Going paperless in the office has been a dream, existing for years. There are many benefits of converting digitally, however, there comes the practicality. Many consumers are not comfortable with the idea of losing the paper invoice or receipt.
Benefits of Going Paperless
Working Remote: Using digital storage is a great way to work on the go. Employees and employers can work from home or on vacation. This allows the freedom to step away from work when wanted, while still being involved when needed.
Storage and Sharing: Files are easier to locate, send, and receive through the internet or a cloud system. Transferring information is instantaneous. Digitally, there is time-stamped proof that the document was indeed delivered.
Cost Effective: Scanning documents and asking for digital copies saves money on ink, paper, files, file-cabinets, shredding, etc. Not to mention, the costs associated with losing or damaging the paper documents are minimized.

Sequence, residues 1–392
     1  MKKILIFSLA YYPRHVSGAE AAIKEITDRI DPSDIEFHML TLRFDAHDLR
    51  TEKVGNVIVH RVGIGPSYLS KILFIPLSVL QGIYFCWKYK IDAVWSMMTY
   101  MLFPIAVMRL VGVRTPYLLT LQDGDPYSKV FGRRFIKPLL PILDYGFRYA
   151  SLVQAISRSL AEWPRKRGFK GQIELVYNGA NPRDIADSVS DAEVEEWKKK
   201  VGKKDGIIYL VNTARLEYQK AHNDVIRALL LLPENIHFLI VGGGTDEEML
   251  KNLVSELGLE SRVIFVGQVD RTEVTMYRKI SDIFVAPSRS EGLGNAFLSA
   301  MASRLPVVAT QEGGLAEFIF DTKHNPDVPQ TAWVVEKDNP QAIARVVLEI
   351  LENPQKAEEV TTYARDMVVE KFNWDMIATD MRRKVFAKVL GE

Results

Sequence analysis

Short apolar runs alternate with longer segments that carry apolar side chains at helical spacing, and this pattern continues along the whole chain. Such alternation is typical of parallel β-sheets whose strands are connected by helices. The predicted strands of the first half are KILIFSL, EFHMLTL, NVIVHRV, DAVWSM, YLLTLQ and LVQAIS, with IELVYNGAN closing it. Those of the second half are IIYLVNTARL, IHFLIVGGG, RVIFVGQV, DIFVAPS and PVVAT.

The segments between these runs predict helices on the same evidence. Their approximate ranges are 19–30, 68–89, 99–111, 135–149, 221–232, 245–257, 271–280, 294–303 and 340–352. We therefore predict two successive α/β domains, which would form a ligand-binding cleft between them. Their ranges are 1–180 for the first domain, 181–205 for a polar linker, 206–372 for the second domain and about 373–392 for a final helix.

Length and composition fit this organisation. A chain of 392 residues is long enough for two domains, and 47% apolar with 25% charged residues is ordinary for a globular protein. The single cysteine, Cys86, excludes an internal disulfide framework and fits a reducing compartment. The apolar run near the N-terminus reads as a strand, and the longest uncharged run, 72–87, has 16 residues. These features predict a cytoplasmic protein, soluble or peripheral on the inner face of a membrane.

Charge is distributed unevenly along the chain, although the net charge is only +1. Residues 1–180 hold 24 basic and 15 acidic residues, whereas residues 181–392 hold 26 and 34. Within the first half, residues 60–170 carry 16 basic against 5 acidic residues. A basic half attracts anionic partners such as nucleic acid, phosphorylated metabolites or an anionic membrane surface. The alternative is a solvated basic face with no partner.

Aside from the environmental benefits, reducing physical storage can make accessing documents more efficient and allows for better collaboration among employees. Instead of being taken out of a file folder, copied and distributed, employees can easily and instantly share digital files with a few clicks.Should Your Office Go Paperless? By Liz Sheffield
Is it Possible to go Paperless?
Ultimately, converting to paperless is the toughest part. As technology advances, it may be advantageous to start with digitization now. People are slow to change, however, they still want that physical, tangible thing. Moving completely paperless will still take time to be an acceptable way of archiving. There are still too many industries, government regulated or otherwise that require ink signed documents so as of now, there is only compromise. The closest we can get is a blend between the two. Slowly transitioning over time. Going paper-light meets somewhere in the middle.
[…] Some people at the office still feel more comfortable reviewing and editing a printed document, most organizations will never truly go paperless, or at least not any time soon.The Paperless Office: 30-Year Old Pipe-Dream? By: Greg Milliken